• Define what fundraising expectations are required
    • Sets Goals for the Board
overcoming obstacles to fundraising
Overcoming Obstacles to Fundraising

“In good times and bad, we know that people give because you meet needs not because you have needs.”

- Kay Grace

obstacles to fundraising
Obstacles to Fundraising
  • Fear of asking for money
    • Taboo of money, religion & politics
  • “I’m already donating my time”
    • Too busy
  • “I don’t have any rich friends”
    • Circle of friends and influence on others
overcoming concerns
Overcoming Concerns

3. “I don’t Have Any Rich Friends”

1. Fear of Asking for Money

2. “I’m Already Donating My Time”

Programs depend on people & financial resources

Can’t donate time to pay for most things in life

Include & encourage others to get involved

  • Circle of friends & influence on others
  • People give out of willingness & not necessarily ability to give
  • Training can help / practice
  • What’s the worst that can happen?
    • Die from fear
    • Person will say no
    • Ruin a friendship
why people donate
Why People Donate
  • Sense of helping; aiding those in need
  • Changing the world
  • Personal experience with organization
  • Creating a legacy for themselves or their family
  • Because they are taught to or have an obligation to a higher purpose or calling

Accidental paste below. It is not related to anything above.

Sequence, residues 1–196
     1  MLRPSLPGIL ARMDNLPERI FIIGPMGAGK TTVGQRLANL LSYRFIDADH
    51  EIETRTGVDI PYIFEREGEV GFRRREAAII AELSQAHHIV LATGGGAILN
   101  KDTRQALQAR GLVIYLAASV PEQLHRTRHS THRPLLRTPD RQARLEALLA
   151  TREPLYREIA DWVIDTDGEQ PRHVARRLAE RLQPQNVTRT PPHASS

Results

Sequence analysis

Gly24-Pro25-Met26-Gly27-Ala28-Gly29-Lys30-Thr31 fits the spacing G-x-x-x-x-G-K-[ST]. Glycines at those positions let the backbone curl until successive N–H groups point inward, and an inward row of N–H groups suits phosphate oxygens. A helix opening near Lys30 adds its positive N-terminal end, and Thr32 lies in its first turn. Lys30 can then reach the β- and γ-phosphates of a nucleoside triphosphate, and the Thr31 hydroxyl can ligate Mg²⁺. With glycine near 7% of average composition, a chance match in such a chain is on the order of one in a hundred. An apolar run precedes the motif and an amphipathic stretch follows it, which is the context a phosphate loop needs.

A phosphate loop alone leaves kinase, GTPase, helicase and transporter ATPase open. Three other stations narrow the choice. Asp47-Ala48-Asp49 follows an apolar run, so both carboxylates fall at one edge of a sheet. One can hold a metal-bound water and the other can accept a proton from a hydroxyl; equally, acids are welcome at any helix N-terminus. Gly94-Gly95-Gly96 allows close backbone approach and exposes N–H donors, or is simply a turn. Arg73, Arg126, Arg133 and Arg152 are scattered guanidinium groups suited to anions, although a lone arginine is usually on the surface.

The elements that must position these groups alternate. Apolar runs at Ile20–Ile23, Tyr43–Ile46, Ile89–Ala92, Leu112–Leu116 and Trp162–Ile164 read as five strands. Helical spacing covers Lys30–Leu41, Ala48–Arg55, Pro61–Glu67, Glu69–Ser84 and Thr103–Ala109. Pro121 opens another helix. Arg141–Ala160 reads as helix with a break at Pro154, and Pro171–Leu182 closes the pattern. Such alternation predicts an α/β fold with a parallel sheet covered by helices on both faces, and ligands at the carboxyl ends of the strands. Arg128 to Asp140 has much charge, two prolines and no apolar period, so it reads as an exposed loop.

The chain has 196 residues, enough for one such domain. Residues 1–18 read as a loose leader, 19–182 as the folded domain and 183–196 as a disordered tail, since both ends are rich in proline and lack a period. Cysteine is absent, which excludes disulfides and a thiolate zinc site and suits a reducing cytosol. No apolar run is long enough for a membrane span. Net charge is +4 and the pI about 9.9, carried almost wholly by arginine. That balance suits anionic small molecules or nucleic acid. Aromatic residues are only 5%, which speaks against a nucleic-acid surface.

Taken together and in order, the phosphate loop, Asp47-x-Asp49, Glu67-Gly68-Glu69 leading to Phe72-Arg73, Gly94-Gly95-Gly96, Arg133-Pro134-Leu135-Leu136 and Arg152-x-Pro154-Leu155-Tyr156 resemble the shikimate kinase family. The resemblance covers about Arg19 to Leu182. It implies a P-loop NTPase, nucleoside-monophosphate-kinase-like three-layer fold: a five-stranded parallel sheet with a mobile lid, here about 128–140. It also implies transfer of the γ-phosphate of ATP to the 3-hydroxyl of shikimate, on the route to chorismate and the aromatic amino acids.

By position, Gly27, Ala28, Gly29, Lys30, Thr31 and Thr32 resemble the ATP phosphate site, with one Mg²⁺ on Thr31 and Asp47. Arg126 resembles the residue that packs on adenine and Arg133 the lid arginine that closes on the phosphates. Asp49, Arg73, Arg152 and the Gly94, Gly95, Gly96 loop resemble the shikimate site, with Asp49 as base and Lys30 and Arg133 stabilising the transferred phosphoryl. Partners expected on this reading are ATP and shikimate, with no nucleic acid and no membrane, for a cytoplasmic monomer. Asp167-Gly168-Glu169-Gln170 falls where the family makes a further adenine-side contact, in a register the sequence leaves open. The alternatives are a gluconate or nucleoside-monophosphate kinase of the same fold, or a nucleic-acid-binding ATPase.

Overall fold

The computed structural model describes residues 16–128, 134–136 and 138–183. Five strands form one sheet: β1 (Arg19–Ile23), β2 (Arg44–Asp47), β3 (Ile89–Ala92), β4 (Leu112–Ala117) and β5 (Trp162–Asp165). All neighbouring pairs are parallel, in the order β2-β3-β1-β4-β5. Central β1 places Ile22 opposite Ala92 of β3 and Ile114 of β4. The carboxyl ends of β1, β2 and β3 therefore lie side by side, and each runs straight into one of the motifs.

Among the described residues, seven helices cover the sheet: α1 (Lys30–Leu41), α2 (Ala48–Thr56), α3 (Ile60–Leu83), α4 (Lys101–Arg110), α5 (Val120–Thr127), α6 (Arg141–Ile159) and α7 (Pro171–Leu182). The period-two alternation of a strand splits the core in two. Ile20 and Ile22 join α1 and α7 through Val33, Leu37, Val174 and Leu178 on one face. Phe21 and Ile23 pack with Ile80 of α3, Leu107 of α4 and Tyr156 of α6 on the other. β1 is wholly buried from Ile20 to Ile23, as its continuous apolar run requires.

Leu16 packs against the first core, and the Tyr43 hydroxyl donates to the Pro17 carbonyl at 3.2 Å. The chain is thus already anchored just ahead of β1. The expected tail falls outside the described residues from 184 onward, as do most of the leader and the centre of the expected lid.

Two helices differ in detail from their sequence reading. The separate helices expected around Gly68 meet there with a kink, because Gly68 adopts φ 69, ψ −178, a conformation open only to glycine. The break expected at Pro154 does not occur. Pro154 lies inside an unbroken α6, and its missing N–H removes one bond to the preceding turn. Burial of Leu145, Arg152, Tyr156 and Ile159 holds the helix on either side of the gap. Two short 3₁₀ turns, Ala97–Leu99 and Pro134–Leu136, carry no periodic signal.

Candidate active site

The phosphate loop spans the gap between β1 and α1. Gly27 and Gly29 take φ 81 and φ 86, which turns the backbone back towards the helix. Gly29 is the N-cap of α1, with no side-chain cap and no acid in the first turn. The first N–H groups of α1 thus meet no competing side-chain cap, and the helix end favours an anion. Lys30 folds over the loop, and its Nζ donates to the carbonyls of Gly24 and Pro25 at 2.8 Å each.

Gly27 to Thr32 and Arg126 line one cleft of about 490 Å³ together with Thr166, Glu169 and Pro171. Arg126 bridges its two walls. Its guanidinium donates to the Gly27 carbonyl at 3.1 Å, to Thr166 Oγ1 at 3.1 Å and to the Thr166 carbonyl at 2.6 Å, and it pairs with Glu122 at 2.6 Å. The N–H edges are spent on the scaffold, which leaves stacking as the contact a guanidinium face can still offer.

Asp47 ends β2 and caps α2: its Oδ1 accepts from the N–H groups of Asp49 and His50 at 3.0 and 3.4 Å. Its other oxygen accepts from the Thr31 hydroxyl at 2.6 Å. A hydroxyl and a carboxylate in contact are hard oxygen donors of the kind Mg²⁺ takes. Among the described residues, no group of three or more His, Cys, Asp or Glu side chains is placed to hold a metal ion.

• Someone asked them
  • Read – “Who Really Cares – America’s Charity Divide”
  • Tax break
10 tips on running effective board meetings
10 Tips on Running Effective Board Meetings

“If computers get too powerful, we can organize them into committees.  That'll do them in.”

  ~Author Unknown

running effective board meetings
Running Effective Board Meetings
  • The board is NOT a management committee. It’s imperative to distinguish between the two. A committee does the leg work, examines studies, reviews reports and proposes recommendations. In essence, the management committee prepares the board to make decisions and pass policy issues for the organization.
  • Board decisions/resolutions need to be prepared prior to the board meeting.This is one way to prevent the board from acting as a management committee. Committees should meet before the board meeting to draft resolutions and issues that need to be decided on at the board meeting.
  • Meet once a month or once every two months.In order to conduct business and to hold management accountable it is important for the board to meet regularly. Meeting only a few times a year does not give the organization the time to take itself seriously and to discuss the organization’s critical policy issues. Also, by meeting monthly or semi-monthly people get in the habit of meeting and feel more comfortable discussing delicate but important issues.
running effective board meetings1
Running Effective Board Meetings
  • Hold meetings in the same location. This is important. Board members will appreciate a consistent and comfortable location.